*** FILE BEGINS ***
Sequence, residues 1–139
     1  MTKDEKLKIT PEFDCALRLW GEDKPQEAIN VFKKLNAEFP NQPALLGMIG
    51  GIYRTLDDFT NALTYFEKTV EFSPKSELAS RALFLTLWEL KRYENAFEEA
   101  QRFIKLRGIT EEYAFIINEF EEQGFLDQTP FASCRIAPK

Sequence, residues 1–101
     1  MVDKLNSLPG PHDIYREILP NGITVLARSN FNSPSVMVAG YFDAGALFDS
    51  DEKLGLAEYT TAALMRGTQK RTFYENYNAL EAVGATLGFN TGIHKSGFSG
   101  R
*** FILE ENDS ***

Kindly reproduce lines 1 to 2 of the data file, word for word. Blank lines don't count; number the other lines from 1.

Sequence, residues 1–139
     1  MTKDEKLKIT PEFDCALRLW GEDKPQEAIN VFKKLNAEFP NQPALLGMIG